Watching the Trump rally in Loveland on a big screen outside the Budweiser Events Center, a high-school principal named Mike says many people are frustrated with both candidates and the “childlike fighting” that has dominated their campaigns. “This is a party vote because neither person is really attracting voters.”


One group that both campaigns agree is key is female voters, and particularly college educated suburban women. At a Clinton campaign phone bank in Jefferson, a county of Denver that serves as a good bellwether, Brittany Pettersen, a state representative, says many Republican women are struggling to get behind Mr Trump.

“I talk to women, Republicans, often who say they’ve never voted for a Democrat in their life. But they’re in for Hillary because Trump cannot be the next president,” says Ms Pettersen, adding that they do not like the way he treats women.

The Clinton team hopes that the release of the video showing Mr Trump bragging about sexually assaulting women will help their case in Colorado and elsewhere. Asked how the video would impact support for Mr Trump, Mr House responded: “I have no idea nor do I know how the WikiLeaks email release will affect her. Every day is interesting.”

The Trump campaign argues that women will overlook some of the controversial remarks because they like his broader message. “Unaffiliated women are going to be in charge in the sense that they are the hardest group to convince to vote. They hold their undecided credentials longer than any other group in Colorado,” says Mr Davis. “The overall message that Donald Trump has been saying in Colorado is that your life could be better economically under a Trump administration. That appeals to women, many of whom are the cheque book holder in the family here in Colorado.”

Another group that the campaigns are targeting is Hispanics, who have increased as a share of the electorate, which Tim Malloy, a pollster at Quinnipiac, says is one reason that the state is shifting from Republican to Democrat. Some polls show Mr Trump doing relatively better with Hispanics in Colorado than other states, which David Flaherty, a pollster at Magellan Strategies, ascribes to older Hispanics in rural areas tending to vote more Republican than younger Latinos.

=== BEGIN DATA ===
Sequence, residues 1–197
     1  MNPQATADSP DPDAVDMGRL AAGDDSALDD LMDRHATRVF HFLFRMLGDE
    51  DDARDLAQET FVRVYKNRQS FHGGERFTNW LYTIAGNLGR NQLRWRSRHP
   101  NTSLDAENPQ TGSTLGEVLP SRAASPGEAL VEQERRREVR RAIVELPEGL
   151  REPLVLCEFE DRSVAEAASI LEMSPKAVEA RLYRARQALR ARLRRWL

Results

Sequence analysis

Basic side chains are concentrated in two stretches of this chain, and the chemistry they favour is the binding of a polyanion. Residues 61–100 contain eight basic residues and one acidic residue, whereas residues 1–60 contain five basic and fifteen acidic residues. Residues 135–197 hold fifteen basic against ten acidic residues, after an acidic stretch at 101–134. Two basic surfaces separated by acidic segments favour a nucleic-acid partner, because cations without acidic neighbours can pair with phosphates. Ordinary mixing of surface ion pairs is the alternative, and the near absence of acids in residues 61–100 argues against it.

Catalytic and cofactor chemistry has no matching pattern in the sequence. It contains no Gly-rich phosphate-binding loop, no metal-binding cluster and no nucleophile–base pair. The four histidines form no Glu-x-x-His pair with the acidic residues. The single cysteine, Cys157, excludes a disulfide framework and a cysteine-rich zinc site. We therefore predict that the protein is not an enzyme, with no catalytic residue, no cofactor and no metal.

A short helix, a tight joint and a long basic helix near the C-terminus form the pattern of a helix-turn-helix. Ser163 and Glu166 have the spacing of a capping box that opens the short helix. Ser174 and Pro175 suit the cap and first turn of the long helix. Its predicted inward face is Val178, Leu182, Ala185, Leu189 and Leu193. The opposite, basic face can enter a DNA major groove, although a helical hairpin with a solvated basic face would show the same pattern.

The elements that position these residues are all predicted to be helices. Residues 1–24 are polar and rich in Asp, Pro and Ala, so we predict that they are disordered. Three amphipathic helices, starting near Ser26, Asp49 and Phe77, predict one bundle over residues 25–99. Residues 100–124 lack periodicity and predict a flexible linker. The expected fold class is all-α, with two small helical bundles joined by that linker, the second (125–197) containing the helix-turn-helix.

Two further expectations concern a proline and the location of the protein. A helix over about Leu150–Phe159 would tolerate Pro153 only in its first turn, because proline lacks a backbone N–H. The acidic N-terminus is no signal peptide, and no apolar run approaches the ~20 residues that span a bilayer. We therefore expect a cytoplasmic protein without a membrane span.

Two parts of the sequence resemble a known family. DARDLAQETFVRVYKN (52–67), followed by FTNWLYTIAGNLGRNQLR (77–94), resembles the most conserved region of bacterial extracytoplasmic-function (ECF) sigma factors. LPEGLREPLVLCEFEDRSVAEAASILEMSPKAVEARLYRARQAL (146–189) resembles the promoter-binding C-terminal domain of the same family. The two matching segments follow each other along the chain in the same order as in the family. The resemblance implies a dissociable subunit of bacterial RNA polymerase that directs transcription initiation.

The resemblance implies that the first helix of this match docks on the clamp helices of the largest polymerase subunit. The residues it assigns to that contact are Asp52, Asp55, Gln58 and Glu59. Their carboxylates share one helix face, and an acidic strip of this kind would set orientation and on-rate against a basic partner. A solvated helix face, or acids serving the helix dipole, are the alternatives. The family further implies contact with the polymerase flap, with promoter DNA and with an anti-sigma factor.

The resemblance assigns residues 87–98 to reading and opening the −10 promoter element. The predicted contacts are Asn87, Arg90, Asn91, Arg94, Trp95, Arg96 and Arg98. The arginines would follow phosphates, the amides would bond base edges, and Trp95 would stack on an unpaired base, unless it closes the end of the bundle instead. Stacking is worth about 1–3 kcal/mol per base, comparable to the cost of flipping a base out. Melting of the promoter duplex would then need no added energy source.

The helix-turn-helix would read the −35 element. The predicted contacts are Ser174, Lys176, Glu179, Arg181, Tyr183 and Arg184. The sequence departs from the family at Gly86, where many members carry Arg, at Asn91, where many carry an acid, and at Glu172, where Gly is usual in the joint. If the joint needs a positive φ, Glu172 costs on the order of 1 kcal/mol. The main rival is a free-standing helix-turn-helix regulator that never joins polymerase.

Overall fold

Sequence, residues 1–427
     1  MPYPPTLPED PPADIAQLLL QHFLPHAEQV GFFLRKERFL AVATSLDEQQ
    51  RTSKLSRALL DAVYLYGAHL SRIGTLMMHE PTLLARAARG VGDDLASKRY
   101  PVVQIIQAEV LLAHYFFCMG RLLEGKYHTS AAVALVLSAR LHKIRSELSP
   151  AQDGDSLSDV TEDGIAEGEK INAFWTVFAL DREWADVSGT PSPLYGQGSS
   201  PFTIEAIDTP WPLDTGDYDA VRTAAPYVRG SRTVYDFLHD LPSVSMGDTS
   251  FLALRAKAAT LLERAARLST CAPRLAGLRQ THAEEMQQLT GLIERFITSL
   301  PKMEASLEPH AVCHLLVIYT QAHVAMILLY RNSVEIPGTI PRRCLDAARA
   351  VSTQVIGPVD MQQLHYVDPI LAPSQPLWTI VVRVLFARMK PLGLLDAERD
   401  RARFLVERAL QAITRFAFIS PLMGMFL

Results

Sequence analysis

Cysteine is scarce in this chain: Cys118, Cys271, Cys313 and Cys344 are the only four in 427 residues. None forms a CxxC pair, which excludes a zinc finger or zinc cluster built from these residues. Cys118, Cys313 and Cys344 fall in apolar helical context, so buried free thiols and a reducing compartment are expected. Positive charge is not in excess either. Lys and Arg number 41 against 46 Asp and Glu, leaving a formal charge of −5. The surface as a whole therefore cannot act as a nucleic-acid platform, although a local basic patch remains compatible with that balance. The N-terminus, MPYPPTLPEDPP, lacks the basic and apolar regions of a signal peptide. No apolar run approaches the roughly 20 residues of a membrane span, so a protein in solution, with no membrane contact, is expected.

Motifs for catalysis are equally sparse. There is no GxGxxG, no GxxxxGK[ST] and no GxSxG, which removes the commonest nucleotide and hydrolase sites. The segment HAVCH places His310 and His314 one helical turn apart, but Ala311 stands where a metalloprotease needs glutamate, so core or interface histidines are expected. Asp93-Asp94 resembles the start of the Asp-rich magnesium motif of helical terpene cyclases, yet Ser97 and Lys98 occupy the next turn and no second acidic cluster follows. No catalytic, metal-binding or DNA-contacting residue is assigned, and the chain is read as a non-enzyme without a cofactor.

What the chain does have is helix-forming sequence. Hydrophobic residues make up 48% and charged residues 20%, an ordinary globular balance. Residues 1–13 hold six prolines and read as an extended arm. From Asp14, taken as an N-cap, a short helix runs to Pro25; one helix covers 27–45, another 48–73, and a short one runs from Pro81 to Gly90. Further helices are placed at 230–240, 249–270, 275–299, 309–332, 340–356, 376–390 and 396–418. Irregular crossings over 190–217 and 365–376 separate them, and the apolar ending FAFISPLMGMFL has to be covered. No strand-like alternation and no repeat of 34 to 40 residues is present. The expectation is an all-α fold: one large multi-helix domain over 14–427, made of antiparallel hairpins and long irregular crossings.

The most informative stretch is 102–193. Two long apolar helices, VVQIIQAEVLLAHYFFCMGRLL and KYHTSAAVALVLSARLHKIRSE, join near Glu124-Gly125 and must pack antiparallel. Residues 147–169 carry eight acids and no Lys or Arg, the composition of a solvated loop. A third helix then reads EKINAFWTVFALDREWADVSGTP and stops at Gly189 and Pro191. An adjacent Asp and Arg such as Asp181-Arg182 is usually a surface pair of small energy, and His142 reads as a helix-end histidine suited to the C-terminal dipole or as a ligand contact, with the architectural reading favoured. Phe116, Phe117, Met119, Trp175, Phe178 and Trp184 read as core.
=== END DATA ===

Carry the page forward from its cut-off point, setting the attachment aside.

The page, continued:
While Mr Trump resonates in the more rural parts of the state, particularly oil and gas-producing areas that have been hit by falling energy prices, and among voters who worry that the Democrats will push for more gun control, Mrs Clinton will do well in the more liberal parts of the state, including parts of the Denver area and college towns such as Boulder. 

“The three issues that Colorado cares about are gas, grass and guns,” says Samantha Walsh, a lobbyist for the marijuana industry who backed Mr Sanders in the primary but who now supports Mrs Clinton.

One issue on the November 8 ballot is whether bars and restaurants in Denver should be able to allow the social use marijuana on their premises. Democrats hope it will drive young people to the polls, particularly since Amendment 64, the initiative to legalise recreational cannabis, got more votes than Mr Obama in Colorado in 2012. 

Ms Walsh says Mrs Clinton would win more Sanders fans if she supported the descheduling of cannabis, which would treat it more like alcohol. “If she really wants to bring a lot of Berners her way, don’t pussyfoot around marijuana and just say she is in favour of descheduling.”